Treasury moves to recap Fannie, Freddie; BofA's down market success

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Wall Street Journal

Ready for recap

Treasury Secretary Steven Mnuchin said he expects an agreement soon “that would allow Fannie Mae and Freddie Mac to begin retaining their earnings, one of the first steps in the administration’s plan to return the mortgage-finance companies to private hands.” The Treasury has been in talks with the Federal Housing Finance Agency on a deal that would represent “a significant increase in capital and a step in the right direction to us ultimately raising third-party capital,” Mnuchin told Fox Business Network. Mnuchin said he “hopes to win congressional support in the next three months to six months, but is prepared to move ahead on administrative changes to the firms that don’t require legislative approval.”

Fannie and Freddie shares jumped more than 40%, “their best day in almost three years,” following Mr. Mnuchin’s comments and a favorable court ruling late last Friday.

The Wall Street Journal wishes “Godspeed to FHFA director Mark Calabria, who’s unlikely to get help from Congress in this Sisyphian task” of reducing the size of the two mortgage agencies.

Mnuchin, Calabria and Housing and Urban Development secretary Ben Carson are scheduled to testify before the Senate Banking Committee on Tuesday about the privatization plan.

The U.K. sneezes, and Ireland …

Irish banks have been hit even harder than their counterparts in the U.K. by the uncertainty over Brexit. Ireland’s two largest banks, AIB Group and Bank of Ireland, “are among the worst-performing European banks this year.” AIB is “hovering near a record low, while Bank of Ireland has risen slightly in recent days from its weakest level in almost six years.”

“It’s purely the Brexit effect,” said Simon Adamson, senior European bank analyst at CreditSights. “It’s more the fear that any economic weakness on the back of Brexit would push itself onto the banks’ balance sheets.”

Financial Times

Joining Goldman

Oliver “Olly” Robbins, the chief European Union negotiator for former U.K. prime minister Theresa May from 2017 until 2019, is taking his talents to Goldman Sachs, “the latest example of a high-profile public service appointment to the Wall Street giant.”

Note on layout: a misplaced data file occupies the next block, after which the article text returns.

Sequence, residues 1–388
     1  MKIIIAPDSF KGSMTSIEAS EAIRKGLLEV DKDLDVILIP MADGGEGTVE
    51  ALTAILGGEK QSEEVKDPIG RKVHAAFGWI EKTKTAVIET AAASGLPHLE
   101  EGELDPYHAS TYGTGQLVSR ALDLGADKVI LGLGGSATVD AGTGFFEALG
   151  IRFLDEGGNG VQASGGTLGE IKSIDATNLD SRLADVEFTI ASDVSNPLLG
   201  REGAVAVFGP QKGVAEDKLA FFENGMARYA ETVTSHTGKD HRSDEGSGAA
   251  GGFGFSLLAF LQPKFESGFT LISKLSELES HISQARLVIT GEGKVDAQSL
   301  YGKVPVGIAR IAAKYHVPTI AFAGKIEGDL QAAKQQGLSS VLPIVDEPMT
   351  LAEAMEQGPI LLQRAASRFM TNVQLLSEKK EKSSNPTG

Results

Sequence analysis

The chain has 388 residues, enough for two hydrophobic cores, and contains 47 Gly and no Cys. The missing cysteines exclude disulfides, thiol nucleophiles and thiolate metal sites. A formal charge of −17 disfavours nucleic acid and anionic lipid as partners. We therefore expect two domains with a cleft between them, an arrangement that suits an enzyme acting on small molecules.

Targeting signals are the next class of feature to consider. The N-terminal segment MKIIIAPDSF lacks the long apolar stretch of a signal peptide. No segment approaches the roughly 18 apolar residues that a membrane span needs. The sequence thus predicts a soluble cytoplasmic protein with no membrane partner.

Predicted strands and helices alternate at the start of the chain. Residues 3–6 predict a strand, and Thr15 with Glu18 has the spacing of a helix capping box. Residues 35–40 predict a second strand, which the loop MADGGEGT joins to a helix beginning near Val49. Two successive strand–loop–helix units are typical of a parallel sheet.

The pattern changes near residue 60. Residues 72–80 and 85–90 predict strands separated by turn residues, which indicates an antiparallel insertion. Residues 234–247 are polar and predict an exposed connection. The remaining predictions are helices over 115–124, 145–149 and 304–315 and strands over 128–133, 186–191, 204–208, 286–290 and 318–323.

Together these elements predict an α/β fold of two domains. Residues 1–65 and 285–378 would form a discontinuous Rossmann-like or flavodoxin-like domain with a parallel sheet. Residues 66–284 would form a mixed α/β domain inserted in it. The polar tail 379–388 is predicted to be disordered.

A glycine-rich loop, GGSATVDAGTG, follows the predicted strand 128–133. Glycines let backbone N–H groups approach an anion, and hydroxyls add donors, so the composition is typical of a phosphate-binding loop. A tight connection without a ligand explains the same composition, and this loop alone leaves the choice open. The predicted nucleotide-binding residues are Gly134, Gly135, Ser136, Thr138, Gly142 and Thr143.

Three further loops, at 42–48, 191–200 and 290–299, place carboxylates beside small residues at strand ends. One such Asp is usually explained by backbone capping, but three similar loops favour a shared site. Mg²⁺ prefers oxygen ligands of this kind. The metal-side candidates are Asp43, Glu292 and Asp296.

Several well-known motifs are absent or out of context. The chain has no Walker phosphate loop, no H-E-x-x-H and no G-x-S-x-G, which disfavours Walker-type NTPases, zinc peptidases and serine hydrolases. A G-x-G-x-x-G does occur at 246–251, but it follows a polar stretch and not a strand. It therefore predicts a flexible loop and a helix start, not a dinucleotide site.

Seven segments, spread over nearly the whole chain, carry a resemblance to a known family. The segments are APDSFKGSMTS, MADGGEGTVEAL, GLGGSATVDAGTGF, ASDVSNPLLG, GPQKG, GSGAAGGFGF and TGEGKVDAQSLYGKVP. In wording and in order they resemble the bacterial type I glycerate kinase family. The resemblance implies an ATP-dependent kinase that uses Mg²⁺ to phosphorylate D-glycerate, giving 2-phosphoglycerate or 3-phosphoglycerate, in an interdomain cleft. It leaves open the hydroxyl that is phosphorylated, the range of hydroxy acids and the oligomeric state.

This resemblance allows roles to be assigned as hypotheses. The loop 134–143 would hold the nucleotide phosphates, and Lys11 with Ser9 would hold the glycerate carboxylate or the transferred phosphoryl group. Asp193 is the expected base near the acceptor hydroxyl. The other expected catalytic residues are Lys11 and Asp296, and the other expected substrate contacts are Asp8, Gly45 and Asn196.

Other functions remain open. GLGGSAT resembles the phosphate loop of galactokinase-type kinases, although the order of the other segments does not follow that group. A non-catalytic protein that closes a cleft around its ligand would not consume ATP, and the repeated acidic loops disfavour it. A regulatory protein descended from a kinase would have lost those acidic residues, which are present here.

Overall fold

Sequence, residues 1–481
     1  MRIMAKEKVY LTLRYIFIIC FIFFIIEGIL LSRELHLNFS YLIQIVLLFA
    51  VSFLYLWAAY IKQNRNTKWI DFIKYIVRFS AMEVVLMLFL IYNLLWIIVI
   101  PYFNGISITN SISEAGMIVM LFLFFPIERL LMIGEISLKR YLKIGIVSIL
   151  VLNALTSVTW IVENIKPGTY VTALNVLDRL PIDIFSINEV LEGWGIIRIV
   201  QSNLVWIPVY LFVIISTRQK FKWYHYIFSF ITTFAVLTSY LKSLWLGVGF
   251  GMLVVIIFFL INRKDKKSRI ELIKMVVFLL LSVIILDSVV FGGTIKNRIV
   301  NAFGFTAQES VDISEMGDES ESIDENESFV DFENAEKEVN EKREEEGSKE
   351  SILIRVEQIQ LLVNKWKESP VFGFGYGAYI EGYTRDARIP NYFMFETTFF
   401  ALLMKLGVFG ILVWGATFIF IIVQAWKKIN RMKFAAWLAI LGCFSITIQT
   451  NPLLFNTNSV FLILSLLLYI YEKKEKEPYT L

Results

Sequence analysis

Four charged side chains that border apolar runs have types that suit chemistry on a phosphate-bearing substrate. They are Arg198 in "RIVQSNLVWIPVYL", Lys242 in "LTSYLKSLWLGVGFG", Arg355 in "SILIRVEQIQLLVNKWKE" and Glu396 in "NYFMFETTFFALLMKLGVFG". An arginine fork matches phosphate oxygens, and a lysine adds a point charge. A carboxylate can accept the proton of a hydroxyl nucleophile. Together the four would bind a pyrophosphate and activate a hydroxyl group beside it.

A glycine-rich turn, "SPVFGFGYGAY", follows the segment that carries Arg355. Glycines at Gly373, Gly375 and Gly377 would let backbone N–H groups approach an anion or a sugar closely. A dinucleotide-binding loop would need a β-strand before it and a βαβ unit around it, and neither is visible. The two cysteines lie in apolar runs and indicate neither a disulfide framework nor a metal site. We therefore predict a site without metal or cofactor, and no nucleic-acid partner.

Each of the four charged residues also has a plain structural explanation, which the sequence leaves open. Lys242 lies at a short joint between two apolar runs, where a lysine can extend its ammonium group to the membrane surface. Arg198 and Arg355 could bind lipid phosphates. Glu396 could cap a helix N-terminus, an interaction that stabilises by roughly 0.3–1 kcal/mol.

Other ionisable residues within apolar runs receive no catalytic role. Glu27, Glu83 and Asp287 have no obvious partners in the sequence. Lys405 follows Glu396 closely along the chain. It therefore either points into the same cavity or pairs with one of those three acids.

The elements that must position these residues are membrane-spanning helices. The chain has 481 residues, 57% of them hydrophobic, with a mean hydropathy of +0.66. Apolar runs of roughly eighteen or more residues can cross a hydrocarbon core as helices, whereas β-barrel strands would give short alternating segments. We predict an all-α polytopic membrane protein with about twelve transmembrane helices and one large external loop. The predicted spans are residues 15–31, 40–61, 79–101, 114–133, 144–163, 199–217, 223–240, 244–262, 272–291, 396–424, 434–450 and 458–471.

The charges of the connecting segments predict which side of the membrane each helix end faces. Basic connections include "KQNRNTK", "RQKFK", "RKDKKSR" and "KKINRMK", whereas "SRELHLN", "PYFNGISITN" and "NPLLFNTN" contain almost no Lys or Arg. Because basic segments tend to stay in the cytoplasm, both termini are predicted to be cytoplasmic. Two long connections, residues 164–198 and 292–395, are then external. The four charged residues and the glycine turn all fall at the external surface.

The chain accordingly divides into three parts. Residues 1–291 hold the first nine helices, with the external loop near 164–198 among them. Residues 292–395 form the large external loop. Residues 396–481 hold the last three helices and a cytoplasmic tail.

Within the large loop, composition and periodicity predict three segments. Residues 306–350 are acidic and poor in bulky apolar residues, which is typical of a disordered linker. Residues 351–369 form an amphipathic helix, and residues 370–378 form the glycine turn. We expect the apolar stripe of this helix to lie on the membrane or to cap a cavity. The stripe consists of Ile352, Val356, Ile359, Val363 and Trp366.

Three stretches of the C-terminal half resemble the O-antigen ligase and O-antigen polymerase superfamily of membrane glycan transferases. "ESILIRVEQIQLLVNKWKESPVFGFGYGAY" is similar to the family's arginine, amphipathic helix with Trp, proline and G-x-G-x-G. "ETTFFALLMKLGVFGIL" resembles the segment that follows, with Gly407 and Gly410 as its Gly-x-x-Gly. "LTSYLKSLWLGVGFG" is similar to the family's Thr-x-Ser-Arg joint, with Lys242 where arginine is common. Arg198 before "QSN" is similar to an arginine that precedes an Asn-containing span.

“His move to Goldman Sachs means he will transfer his detailed knowledge of the EU and Brexit to the U.S. investment bank in a job which will be highly remunerated. He is not joining the elite ranks of Goldman partners, where salaries start at $950,000, but will earn a six-figure sum at the managing director level just below that.”

New York Times

Taxi loan probe spreads

Federal prosecutors have begun a formal investigation into “possible lending fraud in the New York City taxi industry, the most significant action taken so far in response to widespread practices that trapped thousands of cabdrivers under crushing debt. The investigation, which is in its beginning stages, appears to be looking at possible crimes including bank, wire or mail fraud.” The state attorney general and the city have already begun their own probes.

Elsewhere

Moving lower pays off

Bank of America said its recent move down market in its investment bank is starting to pay off. Revenue from lending to middle market companies grew by 17% in the first seven months of the year, and overall investment banking revenue growth for the third quarter is expected to be in the low single digits.

“We were more focused on the top 100 [corporations],” chief operating officer Tom Montag said at the Barclays Financial Services Conference in New York. “We’re now going 400-deep.”

Quotable

“They’ve been in conservatorship for too long, and we want to make sure they’re not in conservatorship on a permanent basis.” — Treasury Secretary Steven Mnuchin, about moving quickly to recapitalize Fannie Mae and Freddie Mac and return them to the private sector.

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